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Stuffed Crab Shells

Called cua farci in Vietnamese, these stuffed crab shells make for an excellent appetizer or a light meal when served with a salad on the side. The dish reflects a French influence: The word farci is French for “stuffed,” for example, and the dish contains butter. But it is very much Vietnamese in flavor and texture. After you have enjoyed Atlantic blue crabs or small stone crabs (with black claws) in other dishes, scrub the shells and save them to make this dish. Otherwise, you can use individual soufflé dishes or ramekins.

Stuffed Crab Shells
Noodles Every Day, Corinne Trang

1.25 ounces mung bean noodles (1 small bundle), soaked in water until pliable
4 large fresh shiitake mushrooms, stemmed and caps minced
12 ounces coarsely ground pork
1 pound lump crabmeat
1 large shallot, minced
1 large garlic clove, minced
2 large eggs, lightly beaten
Kosher salt and freshly ground black pepper
12 Atlantic blue crab shells, about 5 inches from point to point
½ cup (1 stick) butter, cut into 24 thin slices
Fried Scallions in Oil (recipe follows) for serving
Sweet, Sour, and Spicy Fish Sauce (recipe follows) for serving

Preheat the oven to 375°F.

Drain the noodles, then chop them and put them in a large bowl. Add the shiitakes, pork, crabmeat, shallot, garlic, and eggs. Add salt and pepper to taste. Toss to combine the ingredients thoroughly.

Divide the stuffing equally among the 12 crab shells (or ramekins), smoothing out the top. Place 2 pats of butter (next to one another) on top of each serving, and bake until golden, 15 to 20 minutes.

Spoon some scallion oil (including scallions) on top of each stuffed crab. Serve with Sweet, Sour, and Spicy Fish Sauce on the side, and instruct guests to drizzle some sauce over the stuffed crabs.

Serves 12.

Fried Scallions in Oil

Scallions, or green onions, play as great a role in Asian cuisines as do ginger and garlic. This condiment is often drizzled over rice noodles, adding a deliciously sweet flavor and a bright green color, which contrasts with the stark white noodles. Often the scallions are fried just long enough to infuse the oil, barely changing their color; other times they are fried until pale gold. There is no right or wrong way. It simply depends on the preference of the cook. Fried Scallions in Oil taste best if consumed within 3 days, but can be kept refrigerated in an airtight container for up to 1 week.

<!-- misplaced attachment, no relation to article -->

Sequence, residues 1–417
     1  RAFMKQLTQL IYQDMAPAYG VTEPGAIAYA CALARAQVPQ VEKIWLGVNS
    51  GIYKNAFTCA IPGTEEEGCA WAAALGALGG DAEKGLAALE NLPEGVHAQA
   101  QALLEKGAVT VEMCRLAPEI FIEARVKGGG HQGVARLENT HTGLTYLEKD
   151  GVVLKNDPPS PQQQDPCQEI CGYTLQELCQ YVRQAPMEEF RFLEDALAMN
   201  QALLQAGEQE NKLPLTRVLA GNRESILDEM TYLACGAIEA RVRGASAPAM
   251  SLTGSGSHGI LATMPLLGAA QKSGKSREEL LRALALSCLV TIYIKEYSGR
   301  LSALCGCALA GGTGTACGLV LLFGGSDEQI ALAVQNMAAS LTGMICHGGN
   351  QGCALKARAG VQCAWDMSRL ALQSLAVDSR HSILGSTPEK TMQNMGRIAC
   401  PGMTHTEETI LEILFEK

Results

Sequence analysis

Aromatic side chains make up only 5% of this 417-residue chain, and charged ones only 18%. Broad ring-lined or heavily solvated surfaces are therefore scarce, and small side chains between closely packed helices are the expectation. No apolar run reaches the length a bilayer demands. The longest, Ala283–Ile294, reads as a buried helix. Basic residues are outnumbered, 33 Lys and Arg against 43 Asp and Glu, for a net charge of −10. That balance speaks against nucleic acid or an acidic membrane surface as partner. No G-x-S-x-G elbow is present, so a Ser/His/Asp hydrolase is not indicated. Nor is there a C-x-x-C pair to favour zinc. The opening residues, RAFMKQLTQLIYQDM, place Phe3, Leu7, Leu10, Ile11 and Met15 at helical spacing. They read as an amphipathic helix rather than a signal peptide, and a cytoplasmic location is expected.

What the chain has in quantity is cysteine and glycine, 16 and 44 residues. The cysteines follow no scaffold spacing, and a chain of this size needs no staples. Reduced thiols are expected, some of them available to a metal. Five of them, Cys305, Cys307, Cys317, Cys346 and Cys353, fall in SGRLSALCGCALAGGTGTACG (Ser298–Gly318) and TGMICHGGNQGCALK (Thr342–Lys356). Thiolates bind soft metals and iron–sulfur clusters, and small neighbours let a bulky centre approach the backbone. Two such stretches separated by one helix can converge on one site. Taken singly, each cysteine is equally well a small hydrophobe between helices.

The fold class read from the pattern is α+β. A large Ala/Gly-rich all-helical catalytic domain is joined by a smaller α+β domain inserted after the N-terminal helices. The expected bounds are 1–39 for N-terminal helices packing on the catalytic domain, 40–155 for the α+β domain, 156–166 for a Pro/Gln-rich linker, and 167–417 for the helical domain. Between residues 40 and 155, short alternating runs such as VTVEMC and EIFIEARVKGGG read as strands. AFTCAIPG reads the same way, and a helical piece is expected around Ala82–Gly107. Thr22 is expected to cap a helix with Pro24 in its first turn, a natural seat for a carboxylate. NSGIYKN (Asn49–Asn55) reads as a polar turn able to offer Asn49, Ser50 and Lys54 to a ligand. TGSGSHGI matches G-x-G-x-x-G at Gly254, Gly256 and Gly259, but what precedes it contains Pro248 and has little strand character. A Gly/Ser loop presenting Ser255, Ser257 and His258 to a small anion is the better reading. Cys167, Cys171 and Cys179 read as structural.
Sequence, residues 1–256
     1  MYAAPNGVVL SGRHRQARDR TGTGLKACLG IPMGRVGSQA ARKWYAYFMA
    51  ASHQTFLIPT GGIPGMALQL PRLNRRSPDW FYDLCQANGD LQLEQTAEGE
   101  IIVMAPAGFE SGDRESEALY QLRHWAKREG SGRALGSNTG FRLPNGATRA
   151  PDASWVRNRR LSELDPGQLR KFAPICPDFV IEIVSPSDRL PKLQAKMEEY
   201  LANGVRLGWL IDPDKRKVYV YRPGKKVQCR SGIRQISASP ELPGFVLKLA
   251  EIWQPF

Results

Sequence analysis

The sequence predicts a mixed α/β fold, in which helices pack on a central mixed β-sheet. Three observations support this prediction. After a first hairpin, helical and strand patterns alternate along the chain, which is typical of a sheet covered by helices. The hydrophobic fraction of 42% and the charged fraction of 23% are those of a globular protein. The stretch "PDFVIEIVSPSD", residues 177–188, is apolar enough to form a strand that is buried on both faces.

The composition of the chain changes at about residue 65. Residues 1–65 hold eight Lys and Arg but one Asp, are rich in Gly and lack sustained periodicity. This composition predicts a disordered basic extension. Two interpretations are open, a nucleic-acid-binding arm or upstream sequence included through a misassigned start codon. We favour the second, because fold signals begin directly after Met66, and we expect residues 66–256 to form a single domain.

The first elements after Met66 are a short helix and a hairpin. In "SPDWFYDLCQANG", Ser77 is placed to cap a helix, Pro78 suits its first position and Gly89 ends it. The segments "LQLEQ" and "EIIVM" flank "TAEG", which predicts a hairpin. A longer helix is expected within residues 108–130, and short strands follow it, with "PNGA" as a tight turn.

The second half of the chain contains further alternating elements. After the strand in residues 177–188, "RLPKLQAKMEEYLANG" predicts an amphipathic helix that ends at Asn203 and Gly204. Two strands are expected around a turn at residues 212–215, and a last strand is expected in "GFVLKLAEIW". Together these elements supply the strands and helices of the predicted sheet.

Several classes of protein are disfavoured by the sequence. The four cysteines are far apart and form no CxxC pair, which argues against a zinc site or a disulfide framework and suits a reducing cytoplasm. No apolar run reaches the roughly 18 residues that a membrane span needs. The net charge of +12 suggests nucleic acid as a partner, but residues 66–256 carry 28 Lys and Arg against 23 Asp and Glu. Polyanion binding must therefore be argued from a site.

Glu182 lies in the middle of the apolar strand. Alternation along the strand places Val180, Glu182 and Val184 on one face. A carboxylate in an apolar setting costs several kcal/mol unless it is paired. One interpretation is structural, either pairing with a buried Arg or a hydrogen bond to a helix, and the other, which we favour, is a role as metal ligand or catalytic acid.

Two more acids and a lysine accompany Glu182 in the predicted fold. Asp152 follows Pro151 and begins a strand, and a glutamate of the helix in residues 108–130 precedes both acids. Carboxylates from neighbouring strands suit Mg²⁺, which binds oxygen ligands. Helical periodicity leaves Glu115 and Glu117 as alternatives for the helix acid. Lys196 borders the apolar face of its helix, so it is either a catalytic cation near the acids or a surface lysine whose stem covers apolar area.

¾ cup vegetable oil
8 scallions, trimmed and chopped

In a small saucepan, heat the oil over medium heat. When hot, add the scallions, and let sizzle for 1 minute. Turn off the heat (the scallions will continue sizzling for a while) and cool completely in the pan. Transfer the scallions and flavored oil to a container with a lid.

Makes about 1½ cups.

Sweet, Sour, and Spicy Fish Sauce

This sweet and sour fish sauce dip is made spicy with chopped chilies and garlic, while fresh-squeezed lime or lemon gives it a sour edge. Called nuoc cham or nuoc mam cham in Vietnamese, it is the ubiquitous condiment of the Vietnamese table. Drizzle it over grilled meat set atop thin rice noodles tossed with shredded vegetables for refreshing fare, perfect for summer.

For a mild sauce, slice the garlic and chilies. For a spicier one, mince them. This sauce will keep for up to 1 week. Bottled fish sauce is the most important ingredient in this recipe. When selecting a bottle, be sure to pick a sauce that is light to medium gold in color. If the fish sauce is too dark (close to or similar to soy sauce in color, and sometimes with salt crystals formations), it is too old and should be avoided or discarded.

½ cup fish sauce
½ cup sugar
½ cup fresh lime or lemon juice
1 large garlic clove, thinly sliced or minced
1 to 2 fresh red Thai chilies, stemmed, seeded, and thinly sliced or minced

In a medium bowl, whisk together the fish sauce and sugar until the sugar is completely dissolved. Stir in the lime or lemon juice and add the garlic and chilies. Let steep for 20 minutes or so before serving. Refrigerate in an airtight container for up to 1 week.

Makes 1½ cups.

From the staff at Maine Food & Lifestyle magazine.

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